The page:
Good morning! Tuesday's Smart Brevity count: 1,134 words, ~ 4 minutes.
And, exactly 40 years ago ZZ Top released "Degüello," so here's some killer guitar from Texas to provide today's intro tune...
Illustration: Lazaro Gamio/Axios
Separate comments at the G7 meeting in France offered stark examples of how the U.S. has broken with historic allies on global warming.
Driving the news: The last question President Trump took at his concluding press conference asked what he thinks the world should be doing on climate.
The other side, per AP: UN Secretary-General António Guterres openly suggests he's looking past the U.S. federal government for progress — and directly to Americans to fight climate change.
But, but, but: Yes, a number of states, cities and companies have stepped up their efforts.
What's next: Guterres is hopeful that other countries will strengthen their existing pledges under the Paris agreement at next month's UN climate meeting in New York.
A Massachusetts startup has raised $40 million in Series B funding to develop batteries with new chemistries capable of providing cost-effective, long-duration storage.
What's happening: Form Energy recently announced new funding from the venture arm of Italian oil giant Eni and Capricorn Investment Group.
Why it matters: Long-term storage is one of the keys to enabling very high levels of intermittent renewables penetration in power grids while phasing out the need for complimentary fossil fuel plants.
The intrigue: The announcement comes just a week after the investment giant SoftBank Vision Fund said it's putting $110 million behind Energy Vault.
The big picture: The twin announcements for very different technologies — one using a battery system and one leveraging a gravity-based technique — show how the race to figure out economical long-duration storage is wide open.
Where it stands: Form has been working with a sulfur-based system, though the announcement late last week didn't specify any particular materials.
What they're saying: “The arrival of cost-effective long-duration storage is not nearly as far off as many would believe," CEO Mateo Jaramillo said in a statement.
Go deeper: Greentech Media has more here.
Axios' Amy Harder reports ... The International Energy Agency will take a newly detailed look at the climate and economic costs of the world’s coal plants in its 2019 World Energy Outlook, set for release in November, the agency's top official said.
Why it matters: "There is an important problem here," IEA executive director Fatih Birol said in a recent interview.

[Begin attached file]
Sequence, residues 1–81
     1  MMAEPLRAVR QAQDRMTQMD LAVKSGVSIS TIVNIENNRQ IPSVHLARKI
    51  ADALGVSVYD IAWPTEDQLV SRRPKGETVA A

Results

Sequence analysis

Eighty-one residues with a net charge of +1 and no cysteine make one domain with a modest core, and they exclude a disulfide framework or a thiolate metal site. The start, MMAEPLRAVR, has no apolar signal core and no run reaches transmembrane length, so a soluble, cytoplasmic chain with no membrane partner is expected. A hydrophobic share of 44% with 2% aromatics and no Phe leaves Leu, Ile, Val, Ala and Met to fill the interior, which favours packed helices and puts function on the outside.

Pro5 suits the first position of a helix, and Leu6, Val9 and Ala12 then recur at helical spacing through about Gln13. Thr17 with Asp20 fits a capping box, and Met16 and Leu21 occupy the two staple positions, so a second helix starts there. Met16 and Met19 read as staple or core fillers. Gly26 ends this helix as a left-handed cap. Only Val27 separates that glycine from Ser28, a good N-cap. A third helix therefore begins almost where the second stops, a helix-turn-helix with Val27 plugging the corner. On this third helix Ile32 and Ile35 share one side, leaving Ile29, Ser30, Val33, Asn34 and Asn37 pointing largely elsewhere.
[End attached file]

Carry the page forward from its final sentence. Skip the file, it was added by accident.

The big picture: IEA’s analysis will include a detailed, plant-level analysis, looking at what their "continued operation would mean for global emissions, energy security and costs,” a spokesperson said.
By the numbers:
Why you'll hear about this again: The intergovernmental organization's annual long-term outlooks are closely examined by analysts, companies, governments and others.
Go deeper: Why climate change is so hard to tackle
Axios' Dion Rabouin writes ... Oil prices have been incredibly volatile so far this year, having fallen around 20% from their 2019 high reached in April. That gave back most of the gains from a 30% rise to start the year.
Coal: "Former coal CEO Don Blankenship’s misdemeanor conviction for conspiring to violate mine safety laws should be tossed out, a federal magistrate judge in West Virginia recommended Monday," AP reports.
Middle East: "Iraq is trying to cut its dependence on Iranian energy under pressure from the U.S., moving to connect its power grid to Tehran’s Arab rivals and develop alternatives to Iranian natural-gas imports," according to the WSJ.
2020: "Businessman Andrew Yang released his plan for addressing climate change on Monday, coupling calls for massive investment in technological innovation and nuclear power with the goal of reaching net-zero emissions by 2049 and federal funding to move at-risk communities to safer areas," per Politico.
Toyota's "e-Palette" electric vehicle. Courtesy of Toyota
Toyota, which has a partnership with the Tokyo Olympics, has announced the slate of electric vehicles that will be used to move fans, athletes and others around the 2020 games.
By the numbers: The auto giant said that it's providing 3,700 "mobility products and/or vehicles" for the Olympic and Paralympic Games.
Look at the vehicle shown above.
Go deeper: Business Insider discusses the "bizarre autonomous and electric vehicles."